Independent broker-dealer J.P. Turner & Co. has been ordered to pay $707,559 in restitution to 84 affected individuals over unsuitable ETF sales, according to FINRA.

The regulatory authority says Atlanta-based J.P. Turner -- which ranked No. 59 on Financial Planning's annual list of independent B-Ds -- generated $500,000 in improper mutual fund sales commissions and caused net losses to its customers of $200,000.

“We are pleased to have a resolution to this matter and have it behind us,” J.P. Turner said in a statement provided by chief marketing officer Heidi Wheatley. “The related activity took place years ago and the firm has discontinued offering leveraged ETFs and significantly enhanced its policies and procedures related to mutual fund activity.”


J.P Turner did not fully understand the complexity of the products it was selling, Brad Bennett, FINRA’s executive vice president and chief of enforcement, indicated in a statement.

"Securities firms and their registered reps must understand the complex products they are selling and the risks inherent to the products, and be able to determine if they are suitable for investors before recommending them to retail customers,” according to Bennett. “Firms also have a fundamental obligation to monitor conservative investments such as mutual funds to ensure that investors are not abused by excessive trading."

FINRA found that J.P. Turner used the same supervisory approach to oversee its leveraged and inverse ETFs that it used to supervise traditional ETFs. Leveraged and inverse ETFs are designed to achieve their stated objectives on a daily basis, and reset daily, according to the FINRA statement -- so their performance can quickly diverge from the performance of the underlying index or benchmark. In such cases, FINRA says, investors could suffer significant losses even if the long-term performance of the index showed a gain -- an effect that can be magnified in volatile markets.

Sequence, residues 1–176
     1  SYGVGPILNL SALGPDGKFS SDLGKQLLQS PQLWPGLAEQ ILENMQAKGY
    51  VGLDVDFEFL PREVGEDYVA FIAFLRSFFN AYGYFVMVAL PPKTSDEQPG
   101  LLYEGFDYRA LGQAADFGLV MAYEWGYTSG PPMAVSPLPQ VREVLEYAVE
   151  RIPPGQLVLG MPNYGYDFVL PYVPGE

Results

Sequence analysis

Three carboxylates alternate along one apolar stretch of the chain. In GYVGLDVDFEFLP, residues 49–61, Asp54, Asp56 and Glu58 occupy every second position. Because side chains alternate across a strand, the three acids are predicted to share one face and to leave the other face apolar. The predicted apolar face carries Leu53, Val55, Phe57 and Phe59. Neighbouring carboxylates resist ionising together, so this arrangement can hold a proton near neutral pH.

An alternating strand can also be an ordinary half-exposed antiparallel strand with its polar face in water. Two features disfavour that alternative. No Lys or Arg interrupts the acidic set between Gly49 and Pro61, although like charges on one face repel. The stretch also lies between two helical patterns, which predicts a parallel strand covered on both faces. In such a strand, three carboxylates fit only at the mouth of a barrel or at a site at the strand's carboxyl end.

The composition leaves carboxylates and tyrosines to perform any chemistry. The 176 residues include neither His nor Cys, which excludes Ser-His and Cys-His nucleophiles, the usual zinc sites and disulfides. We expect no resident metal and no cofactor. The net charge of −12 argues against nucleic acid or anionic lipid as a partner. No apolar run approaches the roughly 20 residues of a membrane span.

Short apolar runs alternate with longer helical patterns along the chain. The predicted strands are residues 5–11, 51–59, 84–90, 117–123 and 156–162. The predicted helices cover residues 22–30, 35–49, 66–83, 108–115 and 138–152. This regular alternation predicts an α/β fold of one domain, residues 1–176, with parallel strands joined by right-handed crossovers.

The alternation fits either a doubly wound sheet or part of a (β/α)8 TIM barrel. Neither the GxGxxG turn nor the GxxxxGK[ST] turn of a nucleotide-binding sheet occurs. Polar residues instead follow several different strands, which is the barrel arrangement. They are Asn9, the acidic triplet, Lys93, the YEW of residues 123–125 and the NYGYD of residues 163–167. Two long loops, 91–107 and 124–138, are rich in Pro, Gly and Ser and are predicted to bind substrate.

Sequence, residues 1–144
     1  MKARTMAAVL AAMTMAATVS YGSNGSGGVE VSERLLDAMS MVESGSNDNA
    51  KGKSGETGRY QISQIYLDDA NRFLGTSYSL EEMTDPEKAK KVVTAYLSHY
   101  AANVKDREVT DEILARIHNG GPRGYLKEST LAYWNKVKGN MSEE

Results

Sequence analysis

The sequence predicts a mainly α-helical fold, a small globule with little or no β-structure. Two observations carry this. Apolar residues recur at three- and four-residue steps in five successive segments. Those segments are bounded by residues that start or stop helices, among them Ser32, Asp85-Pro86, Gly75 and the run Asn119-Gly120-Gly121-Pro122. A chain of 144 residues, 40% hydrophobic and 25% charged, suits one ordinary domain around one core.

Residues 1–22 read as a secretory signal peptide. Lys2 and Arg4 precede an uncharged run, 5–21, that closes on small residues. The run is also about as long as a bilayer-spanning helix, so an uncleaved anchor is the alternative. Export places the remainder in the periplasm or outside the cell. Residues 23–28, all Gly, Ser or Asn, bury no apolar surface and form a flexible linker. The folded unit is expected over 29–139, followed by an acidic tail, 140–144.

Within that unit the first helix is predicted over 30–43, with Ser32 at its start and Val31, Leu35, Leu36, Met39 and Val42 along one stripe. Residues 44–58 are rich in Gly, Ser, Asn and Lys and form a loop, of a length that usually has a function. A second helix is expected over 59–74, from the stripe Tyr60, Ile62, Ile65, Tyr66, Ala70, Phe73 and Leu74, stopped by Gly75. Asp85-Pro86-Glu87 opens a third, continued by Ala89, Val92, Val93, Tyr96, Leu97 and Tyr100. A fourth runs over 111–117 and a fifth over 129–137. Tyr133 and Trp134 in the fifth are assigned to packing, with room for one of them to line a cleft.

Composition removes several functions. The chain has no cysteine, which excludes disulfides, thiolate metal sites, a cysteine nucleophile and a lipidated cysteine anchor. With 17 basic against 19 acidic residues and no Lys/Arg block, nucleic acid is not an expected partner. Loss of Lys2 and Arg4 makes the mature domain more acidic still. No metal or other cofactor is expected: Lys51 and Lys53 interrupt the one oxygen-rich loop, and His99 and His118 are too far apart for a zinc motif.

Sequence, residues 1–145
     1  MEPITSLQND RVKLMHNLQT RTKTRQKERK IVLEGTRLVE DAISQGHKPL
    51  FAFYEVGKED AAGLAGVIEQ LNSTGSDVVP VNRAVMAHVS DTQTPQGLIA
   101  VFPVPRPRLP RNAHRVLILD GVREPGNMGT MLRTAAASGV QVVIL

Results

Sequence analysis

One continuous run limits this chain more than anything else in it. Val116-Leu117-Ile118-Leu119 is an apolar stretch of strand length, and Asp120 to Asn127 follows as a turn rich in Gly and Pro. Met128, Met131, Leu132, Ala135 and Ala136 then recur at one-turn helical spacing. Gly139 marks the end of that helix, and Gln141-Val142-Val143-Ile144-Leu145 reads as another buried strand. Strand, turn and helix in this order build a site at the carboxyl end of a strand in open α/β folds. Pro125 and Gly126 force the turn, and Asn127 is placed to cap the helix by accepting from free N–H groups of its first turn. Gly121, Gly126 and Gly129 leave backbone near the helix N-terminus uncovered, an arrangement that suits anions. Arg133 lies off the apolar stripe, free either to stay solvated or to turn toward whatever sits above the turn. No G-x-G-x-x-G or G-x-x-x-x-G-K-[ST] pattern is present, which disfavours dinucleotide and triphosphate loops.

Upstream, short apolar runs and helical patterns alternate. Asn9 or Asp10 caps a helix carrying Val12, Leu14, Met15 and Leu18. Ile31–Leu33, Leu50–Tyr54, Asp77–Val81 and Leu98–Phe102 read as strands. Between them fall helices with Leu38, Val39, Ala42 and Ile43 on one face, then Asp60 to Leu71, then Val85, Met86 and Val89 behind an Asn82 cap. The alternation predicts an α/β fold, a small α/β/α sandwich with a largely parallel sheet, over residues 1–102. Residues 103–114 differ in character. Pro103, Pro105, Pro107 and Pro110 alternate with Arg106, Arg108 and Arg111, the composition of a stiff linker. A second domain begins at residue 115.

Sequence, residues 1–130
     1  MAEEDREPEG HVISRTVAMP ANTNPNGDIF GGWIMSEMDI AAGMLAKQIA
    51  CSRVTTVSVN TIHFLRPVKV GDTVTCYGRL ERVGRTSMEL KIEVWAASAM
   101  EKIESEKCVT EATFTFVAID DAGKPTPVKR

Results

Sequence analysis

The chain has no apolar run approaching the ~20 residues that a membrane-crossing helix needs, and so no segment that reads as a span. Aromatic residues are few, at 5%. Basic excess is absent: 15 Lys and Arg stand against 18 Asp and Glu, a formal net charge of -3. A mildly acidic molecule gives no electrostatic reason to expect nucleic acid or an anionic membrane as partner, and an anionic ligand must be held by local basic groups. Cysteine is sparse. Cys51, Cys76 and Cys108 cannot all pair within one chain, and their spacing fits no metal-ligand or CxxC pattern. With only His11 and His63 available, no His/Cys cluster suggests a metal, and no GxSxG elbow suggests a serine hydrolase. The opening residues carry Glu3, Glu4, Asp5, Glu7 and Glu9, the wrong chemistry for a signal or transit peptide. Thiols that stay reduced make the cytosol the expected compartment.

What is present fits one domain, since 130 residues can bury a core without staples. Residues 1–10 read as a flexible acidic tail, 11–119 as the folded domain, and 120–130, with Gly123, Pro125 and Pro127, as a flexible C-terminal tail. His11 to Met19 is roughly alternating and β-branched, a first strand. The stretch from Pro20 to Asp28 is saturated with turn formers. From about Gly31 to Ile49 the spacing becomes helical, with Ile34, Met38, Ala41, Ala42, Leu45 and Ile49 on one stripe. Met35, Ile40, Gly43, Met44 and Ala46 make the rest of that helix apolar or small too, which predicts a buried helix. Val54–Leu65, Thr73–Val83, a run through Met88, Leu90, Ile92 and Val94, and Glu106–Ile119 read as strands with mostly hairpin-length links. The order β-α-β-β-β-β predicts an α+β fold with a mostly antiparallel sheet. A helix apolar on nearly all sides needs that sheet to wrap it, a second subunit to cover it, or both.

FINRA found that the firm also failed to provide adequate training regarding these ETFs.

J.P. Turner also allowed its registered representatives to recommend complex ETFs without taking the time to understand the risks and features associated with the products, the authority found.

In particular, J.P. Turner also failed to determine whether the ETFs were suitable for at least 27 customers, including retirees and conservative customers, who collectively sustained the net losses of more than $200,000.


Separately, FINRA found that J.P. Turner engaged in a pattern of unsuitable mutual fund switching.

Mutual fund shares are typically suitable as long-term investments and are not proper vehicles for short-term trading because of the transaction fees and commissions incurred from repeated buying and selling of mutual fund shares, according to FINRA.

J.P. Turner failed to establish and maintain a reasonable supervisory system designed to prevent unsuitable mutual fund switching and lacked sufficient procedures to adequately monitor for trends or patterns involving mutual fund switches, the authority found.

During the relevant period, despite the presence of several red flags, J.P. Turner failed to reject any of the more than 2,800 mutual fund switches that appeared on the firm's switch exception reports, FINRA’s investigation found. As a result, 66 customers paid commissions and sales charges of more than $500,000 in unsuitable mutual fund switches, according to the FINRA statement.

In settling this matter, J.P. Turner neither admitted nor denied the charges, but consented to the entry of FINRA's findings.

“Like any responsible organization,” J.P. Turner added in its statement, “we have taken strong measures to ensure that this type of activity is not repeated. We will not allow these events to stand in the way of our commitment to our clients, advisors, and employees.”

In May of last year, FINRA sanctioned four firms for $9.1 million for similar violations regarding the sales of leveraged and inverse ETFs. And earlier this year, a FINRA spokeswoman noted, the authority highlighted the issue in its “examination priorities letter to firms

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